I like it! Thats quite a long 57gr bullet, it should have some nice flight characteristics and good terminal ballistic potential. Some guys did a doppler radar regression of the 7n6 bullet and the results were quite surprising, it had a BC similar to a 77gr SMK, I need to check my notes to see exactly what is was but it was ahead of its time, basically 5.56 NATO 2.0 but made with shittier materials. 


IIRC ARL doppler testing of the 7N6 bullet showed an 0.168 G7 BC. For 7N22 it clocks an 0.180 G7.

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Not as high as I thought but still pretty good. Are you using the all "green" construction for the EPR bullet 57gr bullet? I wonder how much extra case capacity you can get by going with a regular lead filled base instead of copper. Or just do it like the russians with a full length penetrator.. 

 

5_457N54RAP_014_JPG-636932.jpg

 

5_457N54RAP_002_JPG-636930.jpg

5_457N54RAP_010_JPG-636931.jpg

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21 minutes ago, Vicious_CB said:

Not as high as I thought but still pretty good. Are you using the all "green" construction for the EPR bullet 57gr bullet? I wonder how much extra case capacity you can get by going with a regular lead filled base instead of copper. Or just do it like the russians with a full length penetrator.. 

 

5_457N54RAP_014_JPG-636932.jpg

 

5_457N54RAP_002_JPG-636930.jpg

5_457N54RAP_010_JPG-636931.jpg

 

I definitely recommend reading my articles on BC and form factor:

 

https://www.thefirearmblog.com/blog/2016/05/13/ballistics-101-ballistic-coefficient/

 

https://www.thefirearmblog.com/blog/2016/05/16/more-on-ballistic-coefficients/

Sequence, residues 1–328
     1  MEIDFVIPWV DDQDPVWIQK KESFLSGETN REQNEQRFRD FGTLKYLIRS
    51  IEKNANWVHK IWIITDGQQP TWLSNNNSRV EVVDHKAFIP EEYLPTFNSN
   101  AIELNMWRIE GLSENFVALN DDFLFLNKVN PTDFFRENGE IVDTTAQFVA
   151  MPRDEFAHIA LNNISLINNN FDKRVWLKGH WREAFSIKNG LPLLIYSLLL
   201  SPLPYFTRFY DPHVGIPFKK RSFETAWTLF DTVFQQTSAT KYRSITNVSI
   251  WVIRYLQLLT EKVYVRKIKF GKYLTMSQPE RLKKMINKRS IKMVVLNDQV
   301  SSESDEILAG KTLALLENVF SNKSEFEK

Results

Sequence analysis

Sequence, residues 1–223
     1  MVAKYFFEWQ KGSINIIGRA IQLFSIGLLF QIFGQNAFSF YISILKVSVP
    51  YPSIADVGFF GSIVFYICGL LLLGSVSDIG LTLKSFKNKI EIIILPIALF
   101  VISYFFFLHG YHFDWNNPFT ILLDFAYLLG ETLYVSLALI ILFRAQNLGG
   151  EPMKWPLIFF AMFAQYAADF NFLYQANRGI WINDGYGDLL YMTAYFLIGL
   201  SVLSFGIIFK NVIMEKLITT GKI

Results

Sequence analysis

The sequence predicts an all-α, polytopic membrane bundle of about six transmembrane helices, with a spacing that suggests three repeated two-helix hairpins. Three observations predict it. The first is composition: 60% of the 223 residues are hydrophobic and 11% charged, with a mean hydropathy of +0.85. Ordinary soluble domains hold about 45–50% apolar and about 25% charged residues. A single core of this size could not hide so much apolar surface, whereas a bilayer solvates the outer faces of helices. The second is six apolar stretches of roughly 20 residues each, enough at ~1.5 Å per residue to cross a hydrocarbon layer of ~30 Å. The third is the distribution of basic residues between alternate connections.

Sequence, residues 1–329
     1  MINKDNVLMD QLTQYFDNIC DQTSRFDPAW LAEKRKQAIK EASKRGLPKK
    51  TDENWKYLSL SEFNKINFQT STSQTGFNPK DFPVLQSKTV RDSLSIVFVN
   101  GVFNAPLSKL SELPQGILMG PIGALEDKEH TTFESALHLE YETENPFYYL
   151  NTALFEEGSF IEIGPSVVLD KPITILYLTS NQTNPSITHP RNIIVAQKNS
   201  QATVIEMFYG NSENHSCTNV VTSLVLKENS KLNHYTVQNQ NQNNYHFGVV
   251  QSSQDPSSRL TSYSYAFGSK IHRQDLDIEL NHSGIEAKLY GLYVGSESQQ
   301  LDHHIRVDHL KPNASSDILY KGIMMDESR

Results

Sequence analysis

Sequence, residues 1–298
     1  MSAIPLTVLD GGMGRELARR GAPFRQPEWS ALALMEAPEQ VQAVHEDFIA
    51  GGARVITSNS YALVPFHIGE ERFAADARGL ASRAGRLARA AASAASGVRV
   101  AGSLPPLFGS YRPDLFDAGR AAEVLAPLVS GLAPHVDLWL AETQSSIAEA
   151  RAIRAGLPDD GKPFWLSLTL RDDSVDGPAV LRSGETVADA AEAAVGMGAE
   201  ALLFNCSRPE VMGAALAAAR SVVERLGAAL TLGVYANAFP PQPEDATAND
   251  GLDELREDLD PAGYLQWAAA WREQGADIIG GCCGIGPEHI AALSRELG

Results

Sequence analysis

https://www.thefirearmblog.com/blog/2016/06/09/ballistics-101-form-factor/

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2 minutes ago, Ramlaen said:

But it "wasn't designed" to do that. 

 

M193 frags but "not by design".

 

But it's a trite clause at best. We could say the main design is to punch a hole in paper. But if it just so happens to violently expand and induce polonium poisoning then that's totally not the main design. Totally an accident. Just a little fluke. Lolz we already made some so piss off.

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      There are many who feel that the 5.56 NATO is a superlative rifle round. Much has been said about larger alternatives to 5.56, such as various 6.5mm and 6.8mm rounds among others. Less has been said about smaller rounds. Off the top of my head, I can recall that there was a German 4.6x36mm round, used in the HK36, and the British 4.85x49mm round. Neither of these rounds managed to gain widespread acceptance. My knowledge of the voodoo that is ballistics is somewhat limited, so I'm uncertain as to whether these failures were caused by flaws with the rounds themselves, or because they were below some lower limit of effective bullet size, beyond which performance decreases rapidly. Could we see a resurgence of these concepts in the future, or do they represent an evolutionary dead-end?